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If Hospitals Do Not Take Precautions, Outbreaks of Legionnaires’ Disease Can Occur

Empty hospital roomWhen people go to the hospital, they hope to get better—not develop a totally different medical problem. Unfortunately, patients face a serious risk of contracting Legionnaires’ disease, a potentially life-threatening infection, if the hospital does not take appropriate steps to prevent the bacteria from growing. According to the Centers for Disease Control and Prevention (CDC), 1 out of 10 people who contract Legionnaires’ disease will die from it.

Why Legionnaires’ Disease Is Prevalent in Hospitals

Legionnaires’ disease is a very severe form of pneumonia caused by Legionella bacteria. The bacteria lives in fresh water and can grow if water systems are not maintained properly—especially prevalent in complex water systems like at a hospital. People can develop the infection when they breathe in the Legionella bacteria that become airborne in droplets of air. Patients and hospital visitors at high risk of getting this deadly disease include:

  • People over 50 years old
  • A current or former smoker
  • People who suffer from chronic lung problems like emphysema or chronic obstructive pulmonary disease (COPD)
  • People with a suppressed immune system, which could be caused by diseases like cancer, diabetes, or kidney failure, or taking certain medications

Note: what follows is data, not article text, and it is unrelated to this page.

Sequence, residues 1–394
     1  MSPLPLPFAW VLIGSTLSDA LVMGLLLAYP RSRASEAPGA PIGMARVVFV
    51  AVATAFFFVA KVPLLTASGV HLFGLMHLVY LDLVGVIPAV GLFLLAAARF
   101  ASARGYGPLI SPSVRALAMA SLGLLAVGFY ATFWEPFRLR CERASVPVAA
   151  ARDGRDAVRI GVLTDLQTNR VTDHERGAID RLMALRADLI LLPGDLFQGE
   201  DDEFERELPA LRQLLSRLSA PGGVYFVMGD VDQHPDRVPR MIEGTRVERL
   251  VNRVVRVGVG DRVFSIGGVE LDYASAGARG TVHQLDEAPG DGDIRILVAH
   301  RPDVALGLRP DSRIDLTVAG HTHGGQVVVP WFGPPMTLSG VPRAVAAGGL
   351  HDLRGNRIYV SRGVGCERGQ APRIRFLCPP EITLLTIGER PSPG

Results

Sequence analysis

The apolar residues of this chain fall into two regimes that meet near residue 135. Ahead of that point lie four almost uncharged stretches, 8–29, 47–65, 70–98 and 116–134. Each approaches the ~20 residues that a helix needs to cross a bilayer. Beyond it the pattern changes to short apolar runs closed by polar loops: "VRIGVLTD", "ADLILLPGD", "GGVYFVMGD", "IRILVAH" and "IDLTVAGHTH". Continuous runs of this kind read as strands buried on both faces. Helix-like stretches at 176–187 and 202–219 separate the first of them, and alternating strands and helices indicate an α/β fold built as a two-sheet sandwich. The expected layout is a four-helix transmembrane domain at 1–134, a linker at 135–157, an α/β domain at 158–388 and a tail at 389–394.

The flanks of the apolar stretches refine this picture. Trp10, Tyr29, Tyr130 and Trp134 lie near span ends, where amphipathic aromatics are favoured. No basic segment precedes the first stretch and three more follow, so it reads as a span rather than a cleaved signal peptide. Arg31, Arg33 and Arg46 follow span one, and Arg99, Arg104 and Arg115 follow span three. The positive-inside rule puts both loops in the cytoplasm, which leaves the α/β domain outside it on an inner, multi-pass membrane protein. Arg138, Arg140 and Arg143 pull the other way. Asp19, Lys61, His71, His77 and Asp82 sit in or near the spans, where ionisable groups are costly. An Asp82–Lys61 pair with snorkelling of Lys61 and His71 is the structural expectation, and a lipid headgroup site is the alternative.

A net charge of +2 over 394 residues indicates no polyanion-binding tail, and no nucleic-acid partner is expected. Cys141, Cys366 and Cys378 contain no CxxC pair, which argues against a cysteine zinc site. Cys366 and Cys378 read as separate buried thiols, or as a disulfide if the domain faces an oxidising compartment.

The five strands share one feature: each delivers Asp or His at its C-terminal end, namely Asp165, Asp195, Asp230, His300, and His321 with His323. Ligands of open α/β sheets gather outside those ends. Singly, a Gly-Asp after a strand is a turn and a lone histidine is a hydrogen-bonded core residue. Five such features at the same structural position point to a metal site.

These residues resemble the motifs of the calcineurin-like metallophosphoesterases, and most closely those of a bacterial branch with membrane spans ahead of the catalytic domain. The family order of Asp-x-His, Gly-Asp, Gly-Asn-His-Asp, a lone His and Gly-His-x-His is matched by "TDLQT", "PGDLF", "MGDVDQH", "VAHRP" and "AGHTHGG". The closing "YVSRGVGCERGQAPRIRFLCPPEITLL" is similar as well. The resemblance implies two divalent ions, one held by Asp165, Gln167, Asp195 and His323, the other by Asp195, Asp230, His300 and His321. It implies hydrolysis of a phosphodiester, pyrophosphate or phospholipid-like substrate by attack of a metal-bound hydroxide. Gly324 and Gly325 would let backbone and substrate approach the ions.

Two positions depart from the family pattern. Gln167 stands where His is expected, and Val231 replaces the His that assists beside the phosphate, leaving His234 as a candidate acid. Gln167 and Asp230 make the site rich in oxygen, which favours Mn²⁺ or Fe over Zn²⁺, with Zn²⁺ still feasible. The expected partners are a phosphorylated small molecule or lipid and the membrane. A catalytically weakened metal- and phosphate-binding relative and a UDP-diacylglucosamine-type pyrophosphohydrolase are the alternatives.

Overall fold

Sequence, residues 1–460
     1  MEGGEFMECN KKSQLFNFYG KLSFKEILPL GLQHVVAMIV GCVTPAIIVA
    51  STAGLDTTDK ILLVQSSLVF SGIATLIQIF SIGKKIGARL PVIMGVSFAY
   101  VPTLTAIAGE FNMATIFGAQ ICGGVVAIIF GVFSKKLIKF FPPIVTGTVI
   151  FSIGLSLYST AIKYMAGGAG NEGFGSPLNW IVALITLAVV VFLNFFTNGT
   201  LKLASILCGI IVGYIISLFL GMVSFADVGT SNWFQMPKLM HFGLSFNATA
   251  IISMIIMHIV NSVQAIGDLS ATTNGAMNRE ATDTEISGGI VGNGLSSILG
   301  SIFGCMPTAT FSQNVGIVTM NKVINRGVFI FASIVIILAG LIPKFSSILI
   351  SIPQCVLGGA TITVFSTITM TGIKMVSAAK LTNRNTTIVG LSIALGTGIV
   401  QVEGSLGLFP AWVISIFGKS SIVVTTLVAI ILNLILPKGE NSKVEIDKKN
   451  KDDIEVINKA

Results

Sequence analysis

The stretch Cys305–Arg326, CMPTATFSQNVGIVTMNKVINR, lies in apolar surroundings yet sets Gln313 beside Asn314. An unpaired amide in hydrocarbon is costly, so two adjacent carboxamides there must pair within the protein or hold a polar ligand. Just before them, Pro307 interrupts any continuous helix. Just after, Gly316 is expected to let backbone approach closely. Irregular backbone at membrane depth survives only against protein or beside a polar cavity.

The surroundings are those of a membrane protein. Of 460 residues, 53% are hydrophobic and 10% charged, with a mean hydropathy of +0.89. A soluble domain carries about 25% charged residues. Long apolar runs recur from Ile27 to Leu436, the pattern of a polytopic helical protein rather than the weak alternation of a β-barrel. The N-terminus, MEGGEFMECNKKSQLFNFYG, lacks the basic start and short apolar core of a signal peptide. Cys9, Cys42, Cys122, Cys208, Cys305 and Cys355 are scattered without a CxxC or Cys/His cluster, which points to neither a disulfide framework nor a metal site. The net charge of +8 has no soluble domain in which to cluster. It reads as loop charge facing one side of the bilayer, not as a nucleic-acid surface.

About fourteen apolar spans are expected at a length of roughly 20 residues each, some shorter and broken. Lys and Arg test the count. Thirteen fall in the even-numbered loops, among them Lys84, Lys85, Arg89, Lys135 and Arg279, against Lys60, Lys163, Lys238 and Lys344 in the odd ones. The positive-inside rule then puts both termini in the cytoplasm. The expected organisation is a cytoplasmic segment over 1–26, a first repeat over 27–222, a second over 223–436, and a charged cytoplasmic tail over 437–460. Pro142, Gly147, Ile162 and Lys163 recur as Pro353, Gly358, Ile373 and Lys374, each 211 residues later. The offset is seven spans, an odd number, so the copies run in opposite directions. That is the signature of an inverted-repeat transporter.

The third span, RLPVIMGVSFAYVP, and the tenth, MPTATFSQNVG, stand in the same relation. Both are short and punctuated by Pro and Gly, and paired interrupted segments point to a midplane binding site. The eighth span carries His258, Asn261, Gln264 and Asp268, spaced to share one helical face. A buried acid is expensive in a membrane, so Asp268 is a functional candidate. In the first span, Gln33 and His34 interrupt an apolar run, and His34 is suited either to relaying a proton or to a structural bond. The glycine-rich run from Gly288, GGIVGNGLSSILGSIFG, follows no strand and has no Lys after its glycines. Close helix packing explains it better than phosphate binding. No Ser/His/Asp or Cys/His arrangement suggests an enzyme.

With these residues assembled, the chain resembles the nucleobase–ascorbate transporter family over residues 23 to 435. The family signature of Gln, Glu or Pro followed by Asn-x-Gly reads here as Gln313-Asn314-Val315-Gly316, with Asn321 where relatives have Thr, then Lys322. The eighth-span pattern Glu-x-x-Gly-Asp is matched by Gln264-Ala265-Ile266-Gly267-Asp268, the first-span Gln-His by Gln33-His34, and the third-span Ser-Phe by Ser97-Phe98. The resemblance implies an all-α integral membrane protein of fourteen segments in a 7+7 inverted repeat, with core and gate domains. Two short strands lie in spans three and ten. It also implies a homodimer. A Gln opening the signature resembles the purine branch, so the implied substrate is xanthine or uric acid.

Hospitals must be vigilant in testing and maintaining their water system to prevent patients from contracting Legionnaires’ disease. In addition, staff has to be extra vigilant when caring for patients at high risk of becoming ill with this. A recent NBC news story shed light on how hospital malpractice can result in tragic, preventable deaths from this disease. An infant with a rare genetic disorder needed a bone marrow transplant to survive. Although his surgery was successful, he died a few days later from Legionnaires’ disease. He contracted it in his hospital room when hospital staff violated the hospital’s rule that tub baths or showers were not allowed in the special unit where he was placed. This safety practice was specifically designed to prevent patients with weakened immune systems from getting this disease.

Legionnaires’ disease is treated with antibiotics to kill the bacteria. Most people will need to be hospitalized due to the risk of complications like respiratory failure, septic shock that is caused when the person’s blood pressure drops suddenly, kidney failure, or death.

If you contracted Legionnaires’ disease while at the hospital, it could have been caused by the hospital’s malpractice. You need an experienced medical malpractice attorney to help you prove this. Call me at 208.344.5555 or toll free at 888.716.8021 for a FREE consultation to learn how I can assist you.